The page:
Amid fun and games on the DMZ, is the reunification message lost?
PAJU, South Korea — Dozens of young children giggled, screamed and obediently tolerated their camera-toting parents as they went from ride to ride at a small amusement park here on a recent Saturday.
Across a parking lot, some 100 yards away, a grim-faced South Korean soldier stared out across a barbed-wire fence from his guard tower at the Civilian Control Line, which essentially serves as the southernmost boundary of the Korean peninsula’s Demilitarized Zone.
If there is an ice cream shop outside the Gates of Hell, it would not be that much more unusual than Pyeong Hwa Land, the 18-ride children’s park visited by as many as 2 million people a year just outside the DMZ, an area once described as “the scariest place on earth.”
You might call the park DMZ World or Six Flags Over the Hermit Kingdom.
Children can ride on everything from boats, bumper cars and trains to teacups at the park, which sits in the middle of Imjingak — a tourist destination with a number of exhibits related to the Korean War and the future of North-South relations, near the banks of the Imjin River.
Office worker Lee Sang-hoon said Pyeong Hwa Land is the perfect way to open the door for discussions with children about the historic attractions nearby and the DMZ, which has divided North and South Korea since the Korean War was halted by armistice in 1953.
“Before this park opened, the environment and atmosphere of this place was much more barren and cold,” he said, during a visit to the park with his extended family and a group of seven children. “I wouldn’t have had any reason to bring my kids here if it wasn’t for the amusement park. But now I can, and do.
“While they play, they will one day ask about what’s around and, naturally, I’ll be able to talk to them about the division (of the two Koreas),” Lee said. “As time passes and they become older, they’ll be able to understand.”
That, according to park director Suh Shin-ha, was one of the reasons the amusement park was opened in 2001 – to get more children to Imjingak and exposed to the more serious messages on display.
The Imjingak facility was opened in the early 1970s and dedicated to the hope of an eventual reunification of the Korean peninsula. There are a number of statues and monuments related to the Korean War, and there are periodically exhibits and festivals held there themed to the potential for a unified Korea.
On site, a locomotive is on display that before the war hauled cars between Pusan in southernmost Korea and Sinuiju near the Korea-China border. It now sits as a symbol of the border crossings that are no longer allowed.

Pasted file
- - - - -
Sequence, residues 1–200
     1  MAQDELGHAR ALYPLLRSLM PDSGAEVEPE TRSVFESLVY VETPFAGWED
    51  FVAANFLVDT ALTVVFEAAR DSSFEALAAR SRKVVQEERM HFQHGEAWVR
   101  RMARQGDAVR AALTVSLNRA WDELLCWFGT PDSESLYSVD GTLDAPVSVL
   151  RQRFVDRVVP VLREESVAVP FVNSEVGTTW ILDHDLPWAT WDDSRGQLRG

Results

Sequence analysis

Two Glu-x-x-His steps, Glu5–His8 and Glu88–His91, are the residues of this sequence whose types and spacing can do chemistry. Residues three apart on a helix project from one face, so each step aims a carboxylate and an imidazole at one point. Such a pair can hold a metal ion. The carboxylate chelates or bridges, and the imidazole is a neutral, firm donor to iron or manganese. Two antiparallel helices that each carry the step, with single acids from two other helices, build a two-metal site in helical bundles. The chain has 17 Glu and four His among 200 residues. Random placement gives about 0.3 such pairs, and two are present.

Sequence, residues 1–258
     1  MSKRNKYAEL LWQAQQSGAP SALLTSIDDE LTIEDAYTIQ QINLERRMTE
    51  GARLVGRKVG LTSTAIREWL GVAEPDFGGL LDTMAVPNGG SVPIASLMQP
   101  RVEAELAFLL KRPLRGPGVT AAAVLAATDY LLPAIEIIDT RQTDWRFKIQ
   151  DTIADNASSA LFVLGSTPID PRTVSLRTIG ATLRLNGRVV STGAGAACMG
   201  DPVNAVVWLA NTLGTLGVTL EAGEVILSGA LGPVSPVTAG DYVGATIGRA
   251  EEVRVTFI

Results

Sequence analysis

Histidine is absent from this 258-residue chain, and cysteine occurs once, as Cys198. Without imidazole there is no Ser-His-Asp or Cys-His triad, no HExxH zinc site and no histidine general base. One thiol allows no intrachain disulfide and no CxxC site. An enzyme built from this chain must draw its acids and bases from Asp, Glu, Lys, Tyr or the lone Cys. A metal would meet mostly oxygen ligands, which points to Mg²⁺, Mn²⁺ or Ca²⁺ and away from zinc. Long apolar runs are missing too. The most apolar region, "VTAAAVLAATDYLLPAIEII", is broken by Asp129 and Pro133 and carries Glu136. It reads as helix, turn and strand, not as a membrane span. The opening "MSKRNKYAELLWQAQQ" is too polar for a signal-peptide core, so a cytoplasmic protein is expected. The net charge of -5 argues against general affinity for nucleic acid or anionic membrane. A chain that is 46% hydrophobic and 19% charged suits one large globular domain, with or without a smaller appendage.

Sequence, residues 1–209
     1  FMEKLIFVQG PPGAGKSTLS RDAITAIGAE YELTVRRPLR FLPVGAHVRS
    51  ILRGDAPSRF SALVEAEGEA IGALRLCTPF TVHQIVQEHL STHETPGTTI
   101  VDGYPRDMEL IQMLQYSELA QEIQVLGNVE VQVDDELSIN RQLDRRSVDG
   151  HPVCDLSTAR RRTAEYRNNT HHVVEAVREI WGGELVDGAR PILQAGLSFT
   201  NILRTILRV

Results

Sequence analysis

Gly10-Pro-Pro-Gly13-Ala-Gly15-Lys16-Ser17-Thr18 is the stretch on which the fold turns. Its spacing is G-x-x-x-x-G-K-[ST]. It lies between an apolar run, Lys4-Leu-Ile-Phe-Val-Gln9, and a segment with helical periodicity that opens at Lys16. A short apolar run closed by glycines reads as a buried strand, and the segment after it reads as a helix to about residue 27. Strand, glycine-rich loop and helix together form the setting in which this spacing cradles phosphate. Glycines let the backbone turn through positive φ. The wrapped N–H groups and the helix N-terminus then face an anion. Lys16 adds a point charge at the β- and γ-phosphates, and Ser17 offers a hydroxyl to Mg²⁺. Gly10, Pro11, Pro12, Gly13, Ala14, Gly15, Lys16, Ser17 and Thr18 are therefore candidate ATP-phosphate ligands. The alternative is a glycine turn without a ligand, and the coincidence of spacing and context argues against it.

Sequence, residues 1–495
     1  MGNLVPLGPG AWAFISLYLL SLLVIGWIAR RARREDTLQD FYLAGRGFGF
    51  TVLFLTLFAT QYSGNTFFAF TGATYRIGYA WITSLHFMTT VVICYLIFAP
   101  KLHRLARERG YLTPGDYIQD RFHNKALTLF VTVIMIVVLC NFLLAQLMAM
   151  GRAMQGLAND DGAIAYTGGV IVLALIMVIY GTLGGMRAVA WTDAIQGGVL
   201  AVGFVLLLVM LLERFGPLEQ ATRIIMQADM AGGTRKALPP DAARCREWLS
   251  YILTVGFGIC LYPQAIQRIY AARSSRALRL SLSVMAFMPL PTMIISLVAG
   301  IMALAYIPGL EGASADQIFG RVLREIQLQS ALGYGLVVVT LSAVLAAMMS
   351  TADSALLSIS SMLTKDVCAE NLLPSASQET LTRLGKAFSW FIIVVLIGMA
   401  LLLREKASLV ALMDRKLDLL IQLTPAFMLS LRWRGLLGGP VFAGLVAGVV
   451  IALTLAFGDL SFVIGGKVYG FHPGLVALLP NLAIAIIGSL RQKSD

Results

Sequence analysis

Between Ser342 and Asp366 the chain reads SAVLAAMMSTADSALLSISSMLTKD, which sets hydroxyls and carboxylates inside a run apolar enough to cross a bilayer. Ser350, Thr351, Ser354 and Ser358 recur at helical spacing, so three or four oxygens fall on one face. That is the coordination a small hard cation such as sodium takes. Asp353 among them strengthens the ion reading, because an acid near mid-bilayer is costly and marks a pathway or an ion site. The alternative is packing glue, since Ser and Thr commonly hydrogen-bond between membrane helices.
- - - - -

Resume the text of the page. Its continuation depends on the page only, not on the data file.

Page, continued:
There is the large Peace Bell used to ring in every new year with the hope of reunification. The park is also home to the Bridge of Freedom, which was used by soldiers and POWs returning to the South after the war.
Just outside Imjingak is an area where South Koreans separated from relatives visit on major holidays to bow toward the North as part of a prayer for a reunification with their relatives.
Suh — adopting a world-weary, darn-these-kids-today tone — said more needs to be done to make children who visit the park as interested in the fractured relationship between the Koreas as they are in the merry-go-round and sky cycle.
“I feel it is very unfortunate that the children do not seem to feel anything,” he said. “I am not sure whether it is because they are not aware of the importance of the site on which the amusement park is situated, or because they know but simply just do not care.
“The visitors … tend to forget that they are so near the North and just come to enjoy their time with their families,” Suh said. “What a pity that is. They are not aware that just (a short distance) away, there are North Korean soldiers.”
Between rides, 11-year-old Kim Yoo-suh said he knew Imjingak was adjacent to “where the North and South are divided,” but saw no deeper significance to the location of the amusement park.
“It’s just fun here,” he said.
Suh said there has been talk of building a “marketing facility” at Imjingak that could show movies or video clips about the Korean War and North-South relations to as many as 50 children at a time, but getting the space, money and approval from a variety of government agencies makes prospects for it “almost impossible.”
Baek Shin-hyun, 13, at the park as part of an educational project about relations between the two Koreas, said he was uncomfortable with how children were more interested with the rides than the history of the place.
“I don’t like it,” he said. “I don’t think it’s right. This place is all about wanting peace and loving our country, but I don’t feel right about people going on rides at such a place.”